Today, I am so honoured to introduce you to my fellow CMN-blogger, Heather Greutman from Golden Reflections, who is building on the concept of sensory activities for kids for our #30daystoMontessori series by discussing how to explore the senses your kids don’t like.
Day 19: Exploring the Senses Your Kids Don’t Like
Thank you Jennifer for inviting me to share in your #30DaystoMontessori Challenge. I am rather new to the Montessori world. I just learned about it a little over a year ago, after my daughter was born. But with my background in Occupational Therapy, I was immediately drawn to Montessori activities. So today I am going to be sharing ways of exploring the senses your kids don’t like with your Montessori activities.
For those of you who are unfamiliar with Occupational Therapy (OT), it is a very a holistic approach to treatment, looking at the entire person. The main goal with OT is to encourage patients and clients in gaining as much independence in their daily life as possible through activities of daily living and their personal interests.
One thing that drew me to the Montessori approach was the similarities in encouraging independence and focusing on child-led interests. These are the two main components of Occupational Therapy, which is why I wrote a post on the similarities between OT and Montessori on my blog.
A huge area of need right now, especially in the school based setting is working with children who have sensory processing difficulties. Autism spectrum disorders and Sensory Processing Disorders are a very common diagnosis now.
Something we worked on a lot was encouraging children to explore the many senses around them, including the ones they don’t particularly enjoy. This is so easy to do with Montessori activities as well, so I am going to give you some tips on how to do that.
Tips for Encouraging Exploration of Senses Kids Don’t Like
For me personally, I have a lot of food texture sensitivities. Pulp in orange juice literally makes me want to gag. I also can’t stand eating a real orange. Every single piece of pulp or white area has to be taken off for me to even try it. Banana’s have to have every single string taken off the sides. Corn on the cob is another one, I can’t stand having silk on my piece of corn. So I will spend time taking all these things off before eating them.
Does this keep me from having a quality of life or does it impede my participation in most every day life? No. But for many kids with sensory sensitivities, it does. Maybe it’s a certain sound, texture, or environment that they don’t like. The list could go on and on.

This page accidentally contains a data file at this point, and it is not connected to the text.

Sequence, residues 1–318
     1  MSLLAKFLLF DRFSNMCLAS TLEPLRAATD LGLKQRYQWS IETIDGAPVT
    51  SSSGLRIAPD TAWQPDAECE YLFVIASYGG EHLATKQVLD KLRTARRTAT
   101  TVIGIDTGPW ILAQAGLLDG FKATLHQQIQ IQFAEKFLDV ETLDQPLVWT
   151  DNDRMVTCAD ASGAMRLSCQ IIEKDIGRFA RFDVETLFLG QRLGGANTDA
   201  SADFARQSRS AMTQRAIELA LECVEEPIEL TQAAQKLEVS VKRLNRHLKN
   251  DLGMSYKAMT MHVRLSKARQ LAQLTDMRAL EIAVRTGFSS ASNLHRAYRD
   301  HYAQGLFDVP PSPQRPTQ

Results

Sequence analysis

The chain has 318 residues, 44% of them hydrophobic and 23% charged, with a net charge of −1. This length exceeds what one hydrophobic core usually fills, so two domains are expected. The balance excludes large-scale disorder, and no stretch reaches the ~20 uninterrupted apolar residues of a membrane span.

So today’s challenge: find that one thing your child literally cannot stand. Avoiding certain foods or textures is pretty common among children. Also not wanting to get dirty, or having certain textures on their skin is another big one.
Once you have figured that out, find a way to include that sensation or texture into their Montessori activities. You don’t want to include it in every single one or else they won’t be interested in any of the activities. I will give you two examples to get you started.
- Food textures – Have your child help make a recipe or dish that includes one ingredient they don’t like. Just casually bring up the ingredients and have them help prepare it. Kids are more likely to try something if they help to prepare it.
- Getting Messy – Making a sensory bin or tray to go on your Montessori shelves is a great way to do this. Include one messy item in your bin that they can choose to use. Shaving cream, jello, and cornmeal bins are all good options.
- Outdoors – Many children do not like being barefoot outdoors, especially on the grass or rocks. The bottom of your feet are typically more sensitive anyway. A good way to help desensitize is to play in water or allowing them to use their feet in a messy play activity indoors. Then gradually move the activities outside to a flat surface. You could make a sensory bin full of paper grass and get them use to touching it with their hands on feet. Gradually move them to walking outdoors in flip-flops or sandals.
There are so many other ways you can include exploring sensations your kids don’t like. Do you have an idea? Let me know in the comments below. And don’t forget to share your exploring sensation activities on social media using the hashtag #30DaystoMontessori.